With more than one-third of American adults and about 17 percent of children and teens falling into the "obese" category, there's no denying the importance of exercise for getting back to, then maintaining, a healthy body weight. Obesity can make starting that exercise program challenging, but it's not impossible. Start by consulting a physician for advice about your exercise program and then choose a type of low-impact, low-intensity aerobic activity you enjoy.
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If you're obese, odds are that your body is used to a sedentary lifestyle. It'll adapt quickly to exercise, though -- as long as you give it a chance to do so. Instead of jumping right into intense workouts that might leave you sore and unable to continue working out, start with low-intensity cardiovascular exercise like walking, swimming, cycling or pedaling an elliptical trainer. These exercises are also low impact, which means your joints won't bear the impact of your body weight as much.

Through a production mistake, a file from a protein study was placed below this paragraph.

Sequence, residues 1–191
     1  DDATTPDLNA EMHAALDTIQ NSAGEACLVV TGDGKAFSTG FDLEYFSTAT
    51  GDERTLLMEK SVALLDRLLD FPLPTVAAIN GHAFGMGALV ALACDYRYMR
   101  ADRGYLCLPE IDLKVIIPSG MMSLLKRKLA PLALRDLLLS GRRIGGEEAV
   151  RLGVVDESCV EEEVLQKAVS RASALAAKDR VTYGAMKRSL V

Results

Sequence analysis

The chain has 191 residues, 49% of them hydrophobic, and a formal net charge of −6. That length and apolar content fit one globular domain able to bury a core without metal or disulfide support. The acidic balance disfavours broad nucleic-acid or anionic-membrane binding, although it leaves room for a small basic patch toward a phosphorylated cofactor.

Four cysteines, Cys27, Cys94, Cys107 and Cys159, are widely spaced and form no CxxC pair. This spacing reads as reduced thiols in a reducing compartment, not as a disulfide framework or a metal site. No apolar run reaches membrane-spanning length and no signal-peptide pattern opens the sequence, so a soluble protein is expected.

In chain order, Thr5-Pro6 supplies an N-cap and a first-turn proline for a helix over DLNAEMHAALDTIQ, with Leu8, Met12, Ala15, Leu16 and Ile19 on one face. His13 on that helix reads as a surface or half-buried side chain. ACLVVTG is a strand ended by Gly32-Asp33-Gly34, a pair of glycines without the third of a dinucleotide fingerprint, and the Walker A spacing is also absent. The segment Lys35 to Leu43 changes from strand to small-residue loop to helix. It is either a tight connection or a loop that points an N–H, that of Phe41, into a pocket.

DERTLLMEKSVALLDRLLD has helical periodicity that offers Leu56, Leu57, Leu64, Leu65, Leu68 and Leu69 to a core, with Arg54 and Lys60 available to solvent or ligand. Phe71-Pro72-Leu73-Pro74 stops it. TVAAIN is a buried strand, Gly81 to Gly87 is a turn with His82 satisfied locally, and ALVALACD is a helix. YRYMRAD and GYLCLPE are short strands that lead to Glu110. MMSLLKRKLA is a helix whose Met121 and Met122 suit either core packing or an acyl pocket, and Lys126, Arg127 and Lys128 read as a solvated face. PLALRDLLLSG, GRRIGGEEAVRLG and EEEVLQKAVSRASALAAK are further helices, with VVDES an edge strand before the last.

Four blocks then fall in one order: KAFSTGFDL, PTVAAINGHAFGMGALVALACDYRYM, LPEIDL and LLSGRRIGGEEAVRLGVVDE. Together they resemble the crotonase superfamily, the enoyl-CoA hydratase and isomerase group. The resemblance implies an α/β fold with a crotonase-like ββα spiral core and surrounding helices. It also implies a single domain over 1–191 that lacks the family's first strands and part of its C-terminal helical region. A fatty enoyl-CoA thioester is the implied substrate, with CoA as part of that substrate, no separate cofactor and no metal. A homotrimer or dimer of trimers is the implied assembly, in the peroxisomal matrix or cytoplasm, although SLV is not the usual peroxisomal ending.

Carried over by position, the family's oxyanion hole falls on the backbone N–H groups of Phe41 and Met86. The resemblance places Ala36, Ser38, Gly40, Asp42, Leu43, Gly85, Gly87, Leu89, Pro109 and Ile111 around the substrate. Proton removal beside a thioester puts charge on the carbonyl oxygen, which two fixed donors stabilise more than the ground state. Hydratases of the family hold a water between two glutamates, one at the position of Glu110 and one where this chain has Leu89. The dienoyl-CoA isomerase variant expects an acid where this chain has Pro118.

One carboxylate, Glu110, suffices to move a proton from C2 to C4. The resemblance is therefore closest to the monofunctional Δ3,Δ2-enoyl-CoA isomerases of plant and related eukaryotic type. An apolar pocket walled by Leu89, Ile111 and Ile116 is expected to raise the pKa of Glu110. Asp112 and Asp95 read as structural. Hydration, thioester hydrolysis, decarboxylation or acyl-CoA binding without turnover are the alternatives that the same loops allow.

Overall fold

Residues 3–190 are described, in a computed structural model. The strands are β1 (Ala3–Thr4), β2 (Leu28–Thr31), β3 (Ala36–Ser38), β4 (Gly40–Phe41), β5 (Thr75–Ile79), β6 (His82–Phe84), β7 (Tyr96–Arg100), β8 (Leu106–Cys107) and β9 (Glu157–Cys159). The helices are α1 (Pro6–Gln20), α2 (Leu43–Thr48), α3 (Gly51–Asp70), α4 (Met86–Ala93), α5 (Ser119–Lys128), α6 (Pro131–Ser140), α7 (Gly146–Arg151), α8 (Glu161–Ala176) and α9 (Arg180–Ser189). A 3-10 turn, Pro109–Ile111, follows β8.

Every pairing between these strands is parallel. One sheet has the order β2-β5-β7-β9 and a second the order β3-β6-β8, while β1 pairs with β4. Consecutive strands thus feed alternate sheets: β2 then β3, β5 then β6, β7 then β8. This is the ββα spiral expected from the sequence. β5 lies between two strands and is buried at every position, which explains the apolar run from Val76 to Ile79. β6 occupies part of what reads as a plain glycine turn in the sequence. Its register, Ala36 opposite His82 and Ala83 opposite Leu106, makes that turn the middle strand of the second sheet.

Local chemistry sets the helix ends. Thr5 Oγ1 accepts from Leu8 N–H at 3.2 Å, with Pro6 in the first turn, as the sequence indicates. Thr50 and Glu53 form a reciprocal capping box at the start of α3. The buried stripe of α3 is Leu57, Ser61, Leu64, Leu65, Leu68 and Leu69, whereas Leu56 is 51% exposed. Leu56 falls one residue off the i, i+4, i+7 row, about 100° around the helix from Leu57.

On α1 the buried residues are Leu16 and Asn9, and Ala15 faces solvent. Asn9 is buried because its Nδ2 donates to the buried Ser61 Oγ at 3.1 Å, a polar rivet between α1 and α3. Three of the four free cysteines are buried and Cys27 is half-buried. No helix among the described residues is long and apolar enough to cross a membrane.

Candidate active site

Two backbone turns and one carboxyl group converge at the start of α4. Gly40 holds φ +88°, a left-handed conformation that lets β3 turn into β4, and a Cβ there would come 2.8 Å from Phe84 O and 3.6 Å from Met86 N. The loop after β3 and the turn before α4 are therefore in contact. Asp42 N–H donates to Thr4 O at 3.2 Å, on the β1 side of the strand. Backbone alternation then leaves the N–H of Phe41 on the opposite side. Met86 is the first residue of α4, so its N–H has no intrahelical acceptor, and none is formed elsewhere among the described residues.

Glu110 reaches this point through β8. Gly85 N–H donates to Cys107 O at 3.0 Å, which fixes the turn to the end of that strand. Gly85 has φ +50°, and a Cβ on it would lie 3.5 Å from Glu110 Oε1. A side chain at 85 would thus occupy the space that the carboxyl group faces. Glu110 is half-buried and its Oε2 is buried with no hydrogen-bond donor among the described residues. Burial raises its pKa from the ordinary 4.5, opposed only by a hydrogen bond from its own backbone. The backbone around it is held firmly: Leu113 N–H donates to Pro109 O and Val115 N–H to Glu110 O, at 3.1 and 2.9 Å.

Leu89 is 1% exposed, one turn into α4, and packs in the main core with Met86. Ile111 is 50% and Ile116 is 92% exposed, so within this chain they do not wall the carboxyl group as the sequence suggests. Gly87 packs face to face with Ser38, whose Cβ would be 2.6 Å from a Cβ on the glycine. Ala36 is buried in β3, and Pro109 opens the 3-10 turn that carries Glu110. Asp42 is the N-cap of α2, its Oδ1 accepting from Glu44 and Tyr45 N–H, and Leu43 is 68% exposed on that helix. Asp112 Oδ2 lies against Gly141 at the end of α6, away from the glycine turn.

Work Up From There
As your body gets stronger, slowly increase the duration of your cardiovascular workouts. A good intermediate goal for healthy adults is one suggested by the Centers for Disease Control and Prevention, which is 150 minutes per week of moderate-intensity aerobic activity. But don't stop there -- if you want to lose weight, you'll eventually need to work up to longer workouts.